Reduction is the gain of electrons Oxidation is the losing of electrons Oxidizing and Reducing Agents The reducing agent (RA) causes the reduction of another chemical in the reaction and in doing so, it is oxidized. The oxidizing agent (OA) is reduced Of the 5 types of reactions, only double displacement reactions DO NOT involve reduction and oxidation Synthesis, Decomposition, Combustion and Single Displacement are all redox reactions. 4. Balanced Net Ionic Equations Spectator Ions - ions that do not change during a reaction Steps: 1. Balance the equation of atoms 2. Write out the dissolved chemical species as they exist in solution. Precipitates, liquids and gases are not written as ions. 3. Remove common aqueous ions. Resulting equation is the net ionic equation. 5. Half-reactions or.. 1. Write the half reactions of the equation. 2. Multiply the half-reaction by a constant that will cancel the electrons in both equations. 3. Combine the half reactions and it will form the balanced net ionic equation. Oxidation Oxidation-Half Reaction The reaction for the process of oxidation where an atom is losing electrons to become more positive. Reduction-Half Reaction The reaction for the process of reduction where an atom is gaining electrons to become more negative. Note: In all redox reactions the total number of electrons lost in oxidation = total number gained in reduction. Loss of Electrons Reducing Agent Gain of Electrons Reduction Oxidizing Agent 6. SOA and SRA Stronger Oxidizing Agent (SOA) Stronger Reducing Agent (SRA) Redox reactions convert the SOA into a WRA and the SRA into a WOA. Making a Redox Table Solubility Rules The strongest OA is on the top left of a redox table. The strongest RA is on the bottom right of a redox table. 7. Sponteinity Refer to the redox table when writing the oxidation and reduction half reactions. Write the reduction half reaction as it is written on the table. Flip the half reaction for oxidation. Change the sign of the standard electrode potential for the oxidation half reaction. Add the electrode potential of the oxidation and reduction half reactions. If the net electromotive force is positive, the reaction is spontaneous. If the net electromotive force is negative, the reaction is not spontaneous. Spontaneity can also be identified through the positioning of the SOA and SRA in the Redox table. If the SRA lies down right of the SOA, then the reaction is spontaneous. Also... 8. Electrochemical Cells Also called Galvanic or Volataic Cells Zn(s) | Zn2+(aq) || Cu2+(aq) | Cu(s) Cu(s) Zn(s) Zn2+(aq) Zn 2+ Cu2+(aq) Cu2+ Cu(s) is the SRA Oxidation occurs in cathode Cu2+(aq) is produced Zn(s) is the SOA Reduction occurs in anode Zn2+(aq) forms Zn(s) K+ (cations) goes to cathode NO3- (anions) goes to anode Electron flows from anode to cathode Cell Notation 9. Standard Hydrogen Electrode Every standard reduction potential value on the table has been standardized against the SHE. Hydrogen was used as the standard reference electrode to calculate the SRP of other half reactions. The standard reference electrode is assigned a value of zero. Assigning a new standard reference electrode: Identify the current standard reduction potential of the new reference electrode. Add a value to the reduction potential of the new reference electrode that will make the sum equal to zero. Add the same value to all the other standard reduction potentail to create the new values of each. 10. Electrolysis forcing a non-spontaneous reaction to occur with the use of a power supply. The power supply provides enough voltage to force the transfer or movement of electrons. Aqueous Electrolysis Electrons flow from anode to cathode Anode is the positive electrode Cathode is the negative electrode Cations go to cathode Anions go to anode No need for salt bridge Inert electrodes are used Molten Electrolysis No water present Presence of H2O Occurs in high temperatures Ions are in liquid form 11. Stoichiometry Q = It Q - charge in Coulombs, C I - current in amperes, A, or Coulombs per second t- time in seconds Faraday's Constant 96500 C/mol e- or Farad To get a mass of an atom after a reaction given time and current: It x 1 mol e- x mol atom x atomic mass = actual mass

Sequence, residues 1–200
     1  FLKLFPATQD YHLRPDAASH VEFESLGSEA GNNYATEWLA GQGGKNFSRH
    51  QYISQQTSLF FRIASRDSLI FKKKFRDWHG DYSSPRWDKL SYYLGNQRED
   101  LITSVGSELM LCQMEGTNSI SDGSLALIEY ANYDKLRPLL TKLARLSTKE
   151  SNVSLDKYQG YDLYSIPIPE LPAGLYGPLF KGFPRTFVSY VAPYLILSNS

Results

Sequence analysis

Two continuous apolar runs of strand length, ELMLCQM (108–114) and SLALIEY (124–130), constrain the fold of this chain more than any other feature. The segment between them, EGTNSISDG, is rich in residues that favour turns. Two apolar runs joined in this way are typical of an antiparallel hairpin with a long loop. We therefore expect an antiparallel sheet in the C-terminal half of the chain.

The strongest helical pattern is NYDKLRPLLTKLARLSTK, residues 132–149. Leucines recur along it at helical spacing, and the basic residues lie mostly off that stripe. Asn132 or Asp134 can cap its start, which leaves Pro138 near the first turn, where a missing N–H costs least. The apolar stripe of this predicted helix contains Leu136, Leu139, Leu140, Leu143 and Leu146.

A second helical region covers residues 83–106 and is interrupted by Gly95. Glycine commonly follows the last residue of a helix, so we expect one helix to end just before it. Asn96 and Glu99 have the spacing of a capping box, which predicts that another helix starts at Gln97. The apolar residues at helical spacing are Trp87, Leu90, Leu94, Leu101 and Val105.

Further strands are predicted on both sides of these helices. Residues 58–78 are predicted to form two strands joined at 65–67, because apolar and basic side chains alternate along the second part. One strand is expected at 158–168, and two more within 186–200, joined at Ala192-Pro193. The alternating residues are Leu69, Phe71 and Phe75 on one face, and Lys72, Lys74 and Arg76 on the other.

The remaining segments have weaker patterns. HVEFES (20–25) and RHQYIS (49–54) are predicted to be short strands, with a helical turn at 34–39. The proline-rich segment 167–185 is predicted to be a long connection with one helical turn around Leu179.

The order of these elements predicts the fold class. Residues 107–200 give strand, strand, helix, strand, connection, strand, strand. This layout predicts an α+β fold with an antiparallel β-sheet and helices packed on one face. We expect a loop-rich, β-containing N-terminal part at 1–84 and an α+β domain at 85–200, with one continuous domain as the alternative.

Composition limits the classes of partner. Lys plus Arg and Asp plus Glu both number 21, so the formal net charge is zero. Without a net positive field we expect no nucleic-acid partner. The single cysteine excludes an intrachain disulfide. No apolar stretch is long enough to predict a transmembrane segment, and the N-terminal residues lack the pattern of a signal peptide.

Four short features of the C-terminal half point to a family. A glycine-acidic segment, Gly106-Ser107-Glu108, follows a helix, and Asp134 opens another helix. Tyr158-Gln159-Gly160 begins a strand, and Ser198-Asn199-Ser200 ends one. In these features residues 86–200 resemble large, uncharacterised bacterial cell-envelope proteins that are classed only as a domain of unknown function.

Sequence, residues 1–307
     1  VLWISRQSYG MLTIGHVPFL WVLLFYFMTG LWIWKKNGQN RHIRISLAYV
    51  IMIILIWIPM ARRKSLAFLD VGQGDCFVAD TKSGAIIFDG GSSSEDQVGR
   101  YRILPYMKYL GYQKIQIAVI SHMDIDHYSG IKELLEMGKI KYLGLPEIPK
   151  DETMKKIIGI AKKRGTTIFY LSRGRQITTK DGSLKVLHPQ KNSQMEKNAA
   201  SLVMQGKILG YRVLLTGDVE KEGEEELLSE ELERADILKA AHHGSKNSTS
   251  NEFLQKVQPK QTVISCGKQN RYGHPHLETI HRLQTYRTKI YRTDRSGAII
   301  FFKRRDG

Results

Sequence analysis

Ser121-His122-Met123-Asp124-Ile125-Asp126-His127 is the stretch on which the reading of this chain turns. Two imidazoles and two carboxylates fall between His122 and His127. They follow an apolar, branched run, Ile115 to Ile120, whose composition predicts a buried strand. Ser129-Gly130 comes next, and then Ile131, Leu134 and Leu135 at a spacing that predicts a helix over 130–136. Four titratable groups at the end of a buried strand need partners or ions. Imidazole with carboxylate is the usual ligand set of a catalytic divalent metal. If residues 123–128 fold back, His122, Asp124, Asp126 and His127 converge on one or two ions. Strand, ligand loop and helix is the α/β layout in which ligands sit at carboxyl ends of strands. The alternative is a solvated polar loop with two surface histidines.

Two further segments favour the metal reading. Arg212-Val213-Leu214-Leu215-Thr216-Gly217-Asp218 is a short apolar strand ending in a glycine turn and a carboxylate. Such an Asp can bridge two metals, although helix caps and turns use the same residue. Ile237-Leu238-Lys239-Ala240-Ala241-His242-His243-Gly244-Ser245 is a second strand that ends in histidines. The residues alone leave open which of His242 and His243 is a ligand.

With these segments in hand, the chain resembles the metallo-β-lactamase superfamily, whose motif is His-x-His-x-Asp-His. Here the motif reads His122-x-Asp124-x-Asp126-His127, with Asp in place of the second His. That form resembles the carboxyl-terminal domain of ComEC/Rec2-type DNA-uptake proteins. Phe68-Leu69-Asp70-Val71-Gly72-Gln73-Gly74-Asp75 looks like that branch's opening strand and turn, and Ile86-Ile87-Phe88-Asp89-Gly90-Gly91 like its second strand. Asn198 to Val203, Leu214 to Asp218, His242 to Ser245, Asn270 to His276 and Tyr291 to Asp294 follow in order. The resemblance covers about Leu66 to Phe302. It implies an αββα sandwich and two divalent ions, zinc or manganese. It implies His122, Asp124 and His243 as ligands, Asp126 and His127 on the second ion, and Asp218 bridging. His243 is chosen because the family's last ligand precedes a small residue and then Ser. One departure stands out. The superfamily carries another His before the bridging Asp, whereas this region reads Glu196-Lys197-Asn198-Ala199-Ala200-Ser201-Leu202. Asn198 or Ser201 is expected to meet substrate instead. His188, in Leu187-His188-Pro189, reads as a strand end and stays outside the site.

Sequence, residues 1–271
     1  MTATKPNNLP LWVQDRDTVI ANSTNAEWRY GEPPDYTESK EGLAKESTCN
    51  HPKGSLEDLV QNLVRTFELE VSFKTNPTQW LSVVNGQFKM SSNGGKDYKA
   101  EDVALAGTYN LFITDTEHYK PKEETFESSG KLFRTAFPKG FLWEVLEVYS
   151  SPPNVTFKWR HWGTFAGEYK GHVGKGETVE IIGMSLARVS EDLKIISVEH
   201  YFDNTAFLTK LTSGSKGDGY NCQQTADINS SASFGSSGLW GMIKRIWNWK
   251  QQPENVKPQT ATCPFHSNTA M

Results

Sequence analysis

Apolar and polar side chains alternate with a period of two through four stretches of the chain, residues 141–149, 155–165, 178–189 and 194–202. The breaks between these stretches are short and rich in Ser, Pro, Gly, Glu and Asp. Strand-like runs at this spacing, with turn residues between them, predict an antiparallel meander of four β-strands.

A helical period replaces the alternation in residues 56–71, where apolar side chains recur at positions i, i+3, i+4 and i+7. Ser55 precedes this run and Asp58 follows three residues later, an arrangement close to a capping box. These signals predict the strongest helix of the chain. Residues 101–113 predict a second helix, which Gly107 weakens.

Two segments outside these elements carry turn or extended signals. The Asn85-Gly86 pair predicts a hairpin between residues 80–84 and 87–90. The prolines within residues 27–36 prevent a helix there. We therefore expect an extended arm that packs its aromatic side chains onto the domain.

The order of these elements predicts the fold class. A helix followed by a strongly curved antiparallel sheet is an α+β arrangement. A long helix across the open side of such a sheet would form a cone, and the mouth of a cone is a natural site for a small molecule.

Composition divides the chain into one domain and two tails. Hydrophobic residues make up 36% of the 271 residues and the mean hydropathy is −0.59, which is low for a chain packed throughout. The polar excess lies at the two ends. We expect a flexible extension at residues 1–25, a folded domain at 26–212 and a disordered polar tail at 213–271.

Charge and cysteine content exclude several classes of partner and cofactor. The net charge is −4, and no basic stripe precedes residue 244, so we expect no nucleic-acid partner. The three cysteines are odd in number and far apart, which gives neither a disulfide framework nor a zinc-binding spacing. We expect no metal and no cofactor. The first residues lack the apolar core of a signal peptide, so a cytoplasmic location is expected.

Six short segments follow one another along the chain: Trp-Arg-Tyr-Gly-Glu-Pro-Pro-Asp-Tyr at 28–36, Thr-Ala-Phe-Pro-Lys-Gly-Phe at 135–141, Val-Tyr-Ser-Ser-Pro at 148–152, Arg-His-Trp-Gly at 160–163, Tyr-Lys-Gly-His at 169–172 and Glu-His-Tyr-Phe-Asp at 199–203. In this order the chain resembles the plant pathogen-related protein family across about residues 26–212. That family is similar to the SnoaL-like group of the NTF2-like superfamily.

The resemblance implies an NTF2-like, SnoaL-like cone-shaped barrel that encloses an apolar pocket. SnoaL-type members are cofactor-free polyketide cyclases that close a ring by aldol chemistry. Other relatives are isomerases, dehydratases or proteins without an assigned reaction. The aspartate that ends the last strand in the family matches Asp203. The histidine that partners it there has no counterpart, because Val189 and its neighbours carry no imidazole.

96500 C mol e- 1 mole atom Charge, C Faraday's Constant ratio of mole of atom and electron mass of atom per mole 12. Applications of Electrochemical Cells Electroplating Electrorefining increasing the purity of impure metals protecting, beautifying, making more valuable Metal ions in the solution are moved by an electric field to coat the electrode In electrochmical cells... 1. ...both electrode may be involved in the reaction 2. ...reactions may occure under standard conditions 3. ...one or both reactions may occur completely in solution 4. ...inert electrodes may be involved Inert Electrodes non-reactive 3 common types: 1. Carbon electrode (C(s)) 2. Nichrome (Ni(s) | Cr (s), alloy) 3. Platinum wire (Pt(s)) If a particular combination reacts, it will always react. The opposite combination will never react. If a combination has no reaction, reverse the equation. Identify the atom that looses electrons (SOA) and the atom that gains electrons (SRA). The product of the SRA is the WOA. Comparing the strength of the oxidizing agents, we put the half reaction of the stronger OA on top of the other half reaction. Redox Table